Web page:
Forty percent of women of color reported feeling unsafe at work because of their gender, and 28 percent reported feeling unsafe because of their race. They also observed the highest frequency of problematic remarks, as compared to white men and men of color and white women, and were the most likely to report harassment based on their race.

White women and women of color experienced verbal harassment related to their gender about equally?—?with 43 percent and 44 percent reporting it, respectively.

Overall, the study paints a picture of endemic hostile experiences predicated by race, gender, and their intersections.

And this culture has an effect: Thirteen percent of women reported skipping at least one class, meeting, fieldwork, or professional event due to feeling unsafe, as compared to 3 percent of men. Twenty-one percent of women of color reported skipping professional events due to feeling unsafe, as did 18 percent of men of color. Only 2 percent of white men reported skipping at least one event due to feeling unsafe.

This result underlines a common theme with workplace sexual harassment: Often, when men in power harass their employees, it’s the women on the receiving end whose careers pay the price.

A discriminatory environment creates a leaky pipeline

This study specifically focused on astronomy and the planetary sciences?—?one area within the sciences where women are particularly scarce, and where some of the highest-profile scandals have occurred.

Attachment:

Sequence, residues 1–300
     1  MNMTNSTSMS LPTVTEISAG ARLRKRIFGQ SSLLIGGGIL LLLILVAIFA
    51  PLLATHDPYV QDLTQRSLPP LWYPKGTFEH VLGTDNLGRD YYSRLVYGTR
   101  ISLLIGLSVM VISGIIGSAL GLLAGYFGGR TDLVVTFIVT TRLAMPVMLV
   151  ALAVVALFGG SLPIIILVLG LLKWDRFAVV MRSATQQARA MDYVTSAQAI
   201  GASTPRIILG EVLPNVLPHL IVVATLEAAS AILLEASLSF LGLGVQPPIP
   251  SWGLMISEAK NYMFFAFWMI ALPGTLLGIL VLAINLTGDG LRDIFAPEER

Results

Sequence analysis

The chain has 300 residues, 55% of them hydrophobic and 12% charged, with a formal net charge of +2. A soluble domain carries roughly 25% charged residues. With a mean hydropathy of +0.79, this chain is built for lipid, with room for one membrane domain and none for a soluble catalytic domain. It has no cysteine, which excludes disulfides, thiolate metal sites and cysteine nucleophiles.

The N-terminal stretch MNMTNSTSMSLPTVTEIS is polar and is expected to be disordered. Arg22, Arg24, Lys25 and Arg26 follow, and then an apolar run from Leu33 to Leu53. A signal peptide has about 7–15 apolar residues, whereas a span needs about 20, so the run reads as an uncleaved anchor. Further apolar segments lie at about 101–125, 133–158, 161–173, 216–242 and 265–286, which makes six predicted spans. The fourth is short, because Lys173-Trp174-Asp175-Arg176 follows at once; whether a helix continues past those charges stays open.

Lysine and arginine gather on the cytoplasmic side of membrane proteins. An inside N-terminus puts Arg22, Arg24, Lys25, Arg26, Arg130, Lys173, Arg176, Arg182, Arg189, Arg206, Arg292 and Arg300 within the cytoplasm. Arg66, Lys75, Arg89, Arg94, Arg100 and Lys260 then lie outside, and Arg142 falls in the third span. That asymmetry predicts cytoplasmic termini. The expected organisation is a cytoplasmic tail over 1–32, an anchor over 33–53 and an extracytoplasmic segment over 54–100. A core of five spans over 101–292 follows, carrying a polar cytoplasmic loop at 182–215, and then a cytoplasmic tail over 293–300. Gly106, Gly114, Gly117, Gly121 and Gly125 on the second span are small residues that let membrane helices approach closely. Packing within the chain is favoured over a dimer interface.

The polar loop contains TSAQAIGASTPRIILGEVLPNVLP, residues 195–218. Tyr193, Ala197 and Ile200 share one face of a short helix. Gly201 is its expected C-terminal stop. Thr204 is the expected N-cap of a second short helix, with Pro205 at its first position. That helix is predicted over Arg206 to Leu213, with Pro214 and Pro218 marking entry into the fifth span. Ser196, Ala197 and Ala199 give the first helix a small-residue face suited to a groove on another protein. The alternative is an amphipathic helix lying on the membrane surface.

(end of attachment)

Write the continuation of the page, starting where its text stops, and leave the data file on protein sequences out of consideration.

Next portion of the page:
Reports indicate, however, that the problem stems across disciplines and even across academia. According to a 2015 report, one in three female science professors reported experiencing sexual harassment at some point in their career.

One likely reason sexual harassment in the sciences is prevalent is because of gender imbalances in the field: While women now outnumber men in social and some biosciences, they remain drastically underrepresented in engineering, physics, and computer science.

Academia is also a world where length of career matters. For decades, women weren’t even accepted to technical or scientific degrees. Now, that legacy still lingers in the ranks of those who lead University departments or who built powerful research legacies?—?and therefore are in charge of the course of young careers. That means that more often than not, even as more women are being encouraged to choose STEM careers, those in charge of mentorship, funding, and career opportunities are men.